Archive of UserLand's first discussion group, started October 5, 1998.

The FSF is predatory and is not a charity

Author:Brett Glass
Posted:8/25/2000; 12:03:52 PM
Topic:Next survey: Are you an open source developer?
Msg #:20227 (In response to 20222)
Prev/Next:20226 / 20228

Legally the restriction on predatory practice is only true if the business acting in a predatory fashion is a monopoly.

Actually, it's still illegal if the business is trying to become a monopoly, and if there's a "dangerous probability" that the attempt will succeed. (See the judge's verdict in the Microsoft case, citing Spectrum Sports Inc. v. McQuillan, 506 US 447, 456.

The FSF is most certainly trying to become a monopoly, and is already approaching monopoly status in some markets (for example, UNIX C compilers). So much so that Borland, realizing that it can make no money from its C/C++ compilers for Linux, has given up on selling them and is now giving them away -- exactly as Netscape did after the market for its browser was destroyed by Microsoft's predation. The FSF is engaging in precisely the same illegal and predatory business practices as Microsoft.

Stallman further announces his desire to monopolize markets and kill competition with all of his "GNU" projects. In The GNU Manifesto, Stallman states,

GNU will remove operating system software from the realm of competition.

That's pretty damning evidence. And there's plenty more; Stallman frequently says, in public speaking engagements, that his goal is to wipe out all commercial software vendors.

Nevertheless, does the FSF's license for GCC constitute "predation", in the antitrust sense? Consider:

The FSF is not a business;

Nonsense. It sells products (including copies of software, T-shirts, books, etc.), keeps books, has employees, and does everything else a business does. Non-profit corporations are businesses (though the FSF is not a legitimate non-profit because it violates many of the requirements for 501(c)(3) status).

it's a nonprofit charitable organization.

The FSF is not a charity. One of the fundamental requirements for a charity (and one of the criteria that the IRS uses to determine if an organization is a charity) is that it target its benefits at those in need. The FSF distributes software to all and sundry, and thus is not a charity. It also makes most of its income from items unrelated to its claimed "charitable" activities (T-shirts, etc.) and has as its main purpose competition (in this case, unfair, predatory competition) with private business. It is not only not a charity but not a legitimate 501(c)(3). If it has achieved recognition from the IRS as a charity then the IRS should be notified ASAP that it has been misled. Hmmm. I think that I may need to gather some fellow programmers and write a letter asking the IRS to re-examine the FSF.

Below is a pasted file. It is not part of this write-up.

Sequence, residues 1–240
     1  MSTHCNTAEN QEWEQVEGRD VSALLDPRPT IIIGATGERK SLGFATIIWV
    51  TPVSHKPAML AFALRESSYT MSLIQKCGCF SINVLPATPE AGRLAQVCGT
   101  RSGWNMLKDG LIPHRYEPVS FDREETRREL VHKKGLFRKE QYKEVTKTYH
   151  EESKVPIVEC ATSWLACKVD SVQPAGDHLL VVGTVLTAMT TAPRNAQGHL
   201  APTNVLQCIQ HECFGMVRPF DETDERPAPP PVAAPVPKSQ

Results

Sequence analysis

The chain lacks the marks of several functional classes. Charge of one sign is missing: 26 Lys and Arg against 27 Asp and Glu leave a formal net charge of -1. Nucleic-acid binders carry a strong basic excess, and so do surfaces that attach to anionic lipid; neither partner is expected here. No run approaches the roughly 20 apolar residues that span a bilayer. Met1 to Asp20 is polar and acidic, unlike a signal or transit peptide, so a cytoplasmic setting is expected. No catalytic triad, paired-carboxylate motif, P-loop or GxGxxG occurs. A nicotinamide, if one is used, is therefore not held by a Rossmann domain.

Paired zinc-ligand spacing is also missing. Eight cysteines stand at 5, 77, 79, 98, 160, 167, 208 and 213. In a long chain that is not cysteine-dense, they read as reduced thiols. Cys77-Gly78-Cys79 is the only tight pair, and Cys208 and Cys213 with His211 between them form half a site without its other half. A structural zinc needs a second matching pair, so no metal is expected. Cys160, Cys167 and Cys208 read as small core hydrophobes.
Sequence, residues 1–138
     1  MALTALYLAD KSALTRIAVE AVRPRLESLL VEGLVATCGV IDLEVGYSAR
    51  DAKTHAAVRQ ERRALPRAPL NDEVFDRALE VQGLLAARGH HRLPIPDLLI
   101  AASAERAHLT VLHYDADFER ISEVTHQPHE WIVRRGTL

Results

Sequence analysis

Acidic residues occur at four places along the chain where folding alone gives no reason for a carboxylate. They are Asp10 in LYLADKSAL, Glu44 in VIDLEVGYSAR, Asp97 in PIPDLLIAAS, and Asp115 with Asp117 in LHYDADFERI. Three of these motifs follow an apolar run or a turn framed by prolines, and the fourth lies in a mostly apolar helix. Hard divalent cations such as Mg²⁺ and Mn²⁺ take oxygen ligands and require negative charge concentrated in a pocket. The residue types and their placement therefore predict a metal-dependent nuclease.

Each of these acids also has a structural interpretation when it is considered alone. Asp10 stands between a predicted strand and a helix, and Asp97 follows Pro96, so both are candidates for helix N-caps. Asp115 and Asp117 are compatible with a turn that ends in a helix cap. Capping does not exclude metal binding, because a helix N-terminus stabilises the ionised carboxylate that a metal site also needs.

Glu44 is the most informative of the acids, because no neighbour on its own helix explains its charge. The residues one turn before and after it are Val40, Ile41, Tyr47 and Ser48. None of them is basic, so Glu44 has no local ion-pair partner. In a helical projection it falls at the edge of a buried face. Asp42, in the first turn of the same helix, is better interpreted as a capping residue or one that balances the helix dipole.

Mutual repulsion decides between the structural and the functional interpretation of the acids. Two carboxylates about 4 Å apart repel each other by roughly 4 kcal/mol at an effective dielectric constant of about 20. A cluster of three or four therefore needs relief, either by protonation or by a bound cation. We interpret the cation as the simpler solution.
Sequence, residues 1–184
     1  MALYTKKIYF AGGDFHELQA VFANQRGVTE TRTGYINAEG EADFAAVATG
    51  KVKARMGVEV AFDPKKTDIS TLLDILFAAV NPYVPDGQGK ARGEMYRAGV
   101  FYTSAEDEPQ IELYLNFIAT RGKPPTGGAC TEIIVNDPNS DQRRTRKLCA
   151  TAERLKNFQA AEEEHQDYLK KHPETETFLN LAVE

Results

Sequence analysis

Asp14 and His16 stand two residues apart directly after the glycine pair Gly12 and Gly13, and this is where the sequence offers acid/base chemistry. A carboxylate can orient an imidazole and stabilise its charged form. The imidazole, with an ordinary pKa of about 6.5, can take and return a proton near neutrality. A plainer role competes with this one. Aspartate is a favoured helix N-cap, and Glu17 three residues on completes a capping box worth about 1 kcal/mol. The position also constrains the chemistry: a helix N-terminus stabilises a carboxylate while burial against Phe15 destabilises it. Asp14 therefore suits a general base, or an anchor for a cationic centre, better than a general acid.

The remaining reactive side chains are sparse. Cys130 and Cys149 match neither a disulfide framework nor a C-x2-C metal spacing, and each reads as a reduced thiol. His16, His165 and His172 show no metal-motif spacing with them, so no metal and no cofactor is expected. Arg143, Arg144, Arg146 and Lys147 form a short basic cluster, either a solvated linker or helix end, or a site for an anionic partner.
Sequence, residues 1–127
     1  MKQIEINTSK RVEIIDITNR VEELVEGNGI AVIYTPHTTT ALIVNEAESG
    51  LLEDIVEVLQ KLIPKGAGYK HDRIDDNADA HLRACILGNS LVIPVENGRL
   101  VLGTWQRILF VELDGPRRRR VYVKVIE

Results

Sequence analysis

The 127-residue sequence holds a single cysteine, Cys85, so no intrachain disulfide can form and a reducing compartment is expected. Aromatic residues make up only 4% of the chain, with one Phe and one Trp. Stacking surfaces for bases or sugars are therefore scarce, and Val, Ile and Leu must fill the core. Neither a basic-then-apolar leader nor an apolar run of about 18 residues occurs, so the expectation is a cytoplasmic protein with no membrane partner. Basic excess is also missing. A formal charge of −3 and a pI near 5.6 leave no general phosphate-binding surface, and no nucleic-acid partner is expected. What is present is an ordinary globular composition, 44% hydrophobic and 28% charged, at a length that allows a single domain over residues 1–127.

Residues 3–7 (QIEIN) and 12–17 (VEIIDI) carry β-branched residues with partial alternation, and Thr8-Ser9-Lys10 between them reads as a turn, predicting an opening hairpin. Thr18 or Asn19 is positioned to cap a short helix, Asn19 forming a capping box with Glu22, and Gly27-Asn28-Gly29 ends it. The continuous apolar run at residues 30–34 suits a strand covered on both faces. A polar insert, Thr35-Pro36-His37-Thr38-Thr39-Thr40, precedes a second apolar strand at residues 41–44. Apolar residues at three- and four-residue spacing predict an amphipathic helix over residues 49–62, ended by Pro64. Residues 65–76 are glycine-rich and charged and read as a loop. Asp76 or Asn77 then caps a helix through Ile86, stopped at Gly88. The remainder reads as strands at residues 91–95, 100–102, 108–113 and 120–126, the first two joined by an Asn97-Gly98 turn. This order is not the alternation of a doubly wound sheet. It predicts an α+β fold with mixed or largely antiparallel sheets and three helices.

If you make a modified version of GCC, you don't have to assign your copyright to the FSF.

If you want your changes to be incorporated, you must sign them over.

You will have to abide by the terms of the GPL for redistributing your version, but you still own the copyright on the parts that you created.

And a lot of good it will do you, thanks to the GPL's poison pill.

Many programmers have contributed to GCC and assigned their copyrights to the FSF. Presumably, some of these programmers would not have done so without the "poison pill" of the GPL protecting their selfish interests -- they considered the availability of derivative works to be their compensation for their contributions.

In other words, they hoped to confiscate the work of others.

If an antitrust action forces the FSF to relese GCC under non-GPL terms, how will those programmers be compensated for their work?

By creating better compilers and selling them in a fair market.

--Brett Glass

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